Fort Al Zubara is also known as Fort Zubara. It is a historical Qatari military fortress founded in 1938 by Sheikh Abdullah bin Jassim Al Thani to serve as a Coast Guard station. Fort Al Zubara is located about 105 kilometers from Qatar’s capital, Doha, in the ancient town of Zubarah. It is located on the northwestern coast of the Qatar peninsula in the Al Shamal municipality.
Some have claimed that the building was built for the purpose of serving as a police station. Eventually, it became a museum displaying diverse exhibitions and artworks, especially those related to contemporary archaeological findings.
Approximately 400 hectares of land are covered by Zubarah, and about 60 hectares are within the outer town walls. Among all archaeological sites on the Qatari Peninsula, Zubarah is the largest.
Fort Al Zubara offers an important glimpse into Qatar’s history. UNESCO added the fort to its World Heritage List in 2013. After several attacks in 1811, the town was burned to the ground by other Gulf powers in response to its success. A protective layer of sand blown from the desert gradually covered its remaining rubble stone and mortar buildings after it was abandoned in the early 20th century.
This imposing fort is encircled by lofty, compact walls of substantial size and profusion in width which are one meter long and bulky. A mortar and pestle specifically designed for grinding mud were used to combine and blend raw coral stone pieces into the walls of the fort. The fort is an example of a typical Arab fort in pristine condition. Residences, mosques, courtyards, huts for fishermen, streets, double defensive walls, a harbor, a canal, and cemeteries can be found on this important archaeological site.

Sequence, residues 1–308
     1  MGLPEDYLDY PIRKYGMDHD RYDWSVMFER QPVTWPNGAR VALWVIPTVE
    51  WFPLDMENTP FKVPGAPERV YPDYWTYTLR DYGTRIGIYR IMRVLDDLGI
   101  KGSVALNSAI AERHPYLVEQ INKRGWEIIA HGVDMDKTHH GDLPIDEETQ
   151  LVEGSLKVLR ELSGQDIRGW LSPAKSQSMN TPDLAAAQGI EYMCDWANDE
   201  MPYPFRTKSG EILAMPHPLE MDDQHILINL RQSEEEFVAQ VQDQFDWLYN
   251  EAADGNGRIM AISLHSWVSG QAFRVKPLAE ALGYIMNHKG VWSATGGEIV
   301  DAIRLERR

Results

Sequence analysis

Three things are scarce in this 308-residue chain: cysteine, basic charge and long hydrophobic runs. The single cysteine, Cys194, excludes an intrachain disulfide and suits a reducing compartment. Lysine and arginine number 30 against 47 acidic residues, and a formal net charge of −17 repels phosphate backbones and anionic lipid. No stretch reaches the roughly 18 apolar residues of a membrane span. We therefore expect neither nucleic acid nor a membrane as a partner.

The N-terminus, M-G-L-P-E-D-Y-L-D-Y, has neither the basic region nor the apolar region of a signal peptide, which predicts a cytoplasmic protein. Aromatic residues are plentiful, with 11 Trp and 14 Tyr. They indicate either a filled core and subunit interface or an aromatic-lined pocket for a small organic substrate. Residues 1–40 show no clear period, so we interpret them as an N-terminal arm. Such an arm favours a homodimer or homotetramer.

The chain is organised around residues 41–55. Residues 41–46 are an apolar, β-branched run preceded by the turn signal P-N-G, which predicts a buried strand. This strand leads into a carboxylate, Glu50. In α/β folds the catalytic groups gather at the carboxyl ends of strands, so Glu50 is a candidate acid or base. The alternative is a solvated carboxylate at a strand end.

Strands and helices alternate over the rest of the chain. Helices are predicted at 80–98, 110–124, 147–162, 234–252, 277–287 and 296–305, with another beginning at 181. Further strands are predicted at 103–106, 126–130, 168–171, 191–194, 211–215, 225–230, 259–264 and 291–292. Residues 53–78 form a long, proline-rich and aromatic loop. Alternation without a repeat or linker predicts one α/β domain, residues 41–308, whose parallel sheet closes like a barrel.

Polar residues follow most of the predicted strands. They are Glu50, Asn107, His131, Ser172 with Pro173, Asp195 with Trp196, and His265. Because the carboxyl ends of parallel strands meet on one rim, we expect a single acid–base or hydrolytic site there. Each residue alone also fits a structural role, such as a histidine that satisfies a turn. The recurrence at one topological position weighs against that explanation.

Among the best-preserved merchant towns in the Persian Gulf region, it dates from the 18th-19th century. There are numerous remnants of a settlement that dates to this formative period in the region, including its layout and urban fabric. Before Oil and Gas were discovered in the Persian Gulf, the Zubarah archaeological site represented urban life, space organization, and the economic and social history of the region.
In order to protect the fort, compressed mud was used to create a roof. Those inside the fort benefit from the shade and coolness provided by the roof. Also, the roof of the fort was erected so soldiers could patrol and traverse the surrounding areas in search of enemies.
Each corner of the fort has a massive, circular tower on top, which is armed with a variety of Qatari-style defenses, and the fourth is the most picturesque, with its rectangular tower with exquisite triangular-based ledges that enclose slits called machicolations.
There were, of course, separate rooms for the soldiers. To accommodate such patriotic and valiant soldiers, eight rooms were constructed on the ground floor. Explicit artifacts, artworks, and archaeological findings are now housed in these rooms. Fort’s floors and roof can be accessed via external staircases.
A strategically important site, Qal’at Murair was adjacent to Al Zubarah, providing boats easier access to trade and collect water through its canal, which remains today. Qal’at Murair is a large rectangular enclosure with four corner towers – originally containing domestic buildings, a mosque, cisterns, and large wells – and it remained occupied until 1938 when the imposing Al Zubarah Fort was constructed.
Visit Al Thaqab Fort is located adjacent to the northeast of Zubarah, where turtle hatching season occurs. Bin Ghannam, also known as Purple Island due to the dye produced here in ancient times is near Al Khor and can be explored by kayak.